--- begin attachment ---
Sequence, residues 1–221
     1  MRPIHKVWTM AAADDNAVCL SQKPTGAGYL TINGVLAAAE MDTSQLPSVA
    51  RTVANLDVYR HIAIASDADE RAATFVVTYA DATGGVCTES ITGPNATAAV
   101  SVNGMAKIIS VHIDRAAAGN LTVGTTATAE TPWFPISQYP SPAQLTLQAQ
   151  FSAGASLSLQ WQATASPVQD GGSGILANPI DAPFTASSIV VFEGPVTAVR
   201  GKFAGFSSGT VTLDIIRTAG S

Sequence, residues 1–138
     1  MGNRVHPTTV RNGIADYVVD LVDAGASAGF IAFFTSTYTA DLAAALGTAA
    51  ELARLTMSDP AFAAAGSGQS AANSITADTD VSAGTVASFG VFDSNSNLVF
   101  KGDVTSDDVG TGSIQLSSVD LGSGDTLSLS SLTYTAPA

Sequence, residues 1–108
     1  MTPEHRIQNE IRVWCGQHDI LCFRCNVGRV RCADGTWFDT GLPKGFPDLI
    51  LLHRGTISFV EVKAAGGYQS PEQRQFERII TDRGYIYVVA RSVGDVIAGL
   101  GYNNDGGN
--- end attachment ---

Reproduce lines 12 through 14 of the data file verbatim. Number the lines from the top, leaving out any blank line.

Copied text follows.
     1  MTPEHRIQNE IRVWCGQHDI LCFRCNVGRV RCADGTWFDT GLPKGFPDLI
    51  LLHRGTISFV EVKAAGGYQS PEQRQFERII TDRGYIYVVA RSVGDVIAGL
   101  GYNNDGGN